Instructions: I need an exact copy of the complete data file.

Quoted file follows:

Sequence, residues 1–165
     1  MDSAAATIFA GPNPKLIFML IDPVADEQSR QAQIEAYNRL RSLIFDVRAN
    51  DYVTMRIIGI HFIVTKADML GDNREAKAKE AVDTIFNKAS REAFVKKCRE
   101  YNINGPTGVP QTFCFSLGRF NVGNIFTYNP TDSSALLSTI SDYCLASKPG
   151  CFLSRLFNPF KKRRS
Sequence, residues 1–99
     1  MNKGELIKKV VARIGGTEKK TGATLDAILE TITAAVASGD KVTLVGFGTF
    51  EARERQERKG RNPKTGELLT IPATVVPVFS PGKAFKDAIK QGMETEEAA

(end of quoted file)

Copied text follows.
Sequence, residues 1–165
     1  MDSAAATIFA GPNPKLIFML IDPVADEQSR QAQIEAYNRL RSLIFDVRAN
    51  DYVTMRIIGI HFIVTKADML GDNREAKAKE AVDTIFNKAS REAFVKKCRE
   101  YNINGPTGVP QTFCFSLGRF NVGNIFTYNP TDSSALLSTI SDYCLASKPG
   151  CFLSRLFNPF KKRRS
Sequence, residues 1–99
     1  MNKGELIKKV VARIGGTEKK TGATLDAILE TITAAVASGD KVTLVGFGTF
    51  EARERQERKG RNPKTGELLT IPATVVPVFS PGKAFKDAIK QGMETEEAA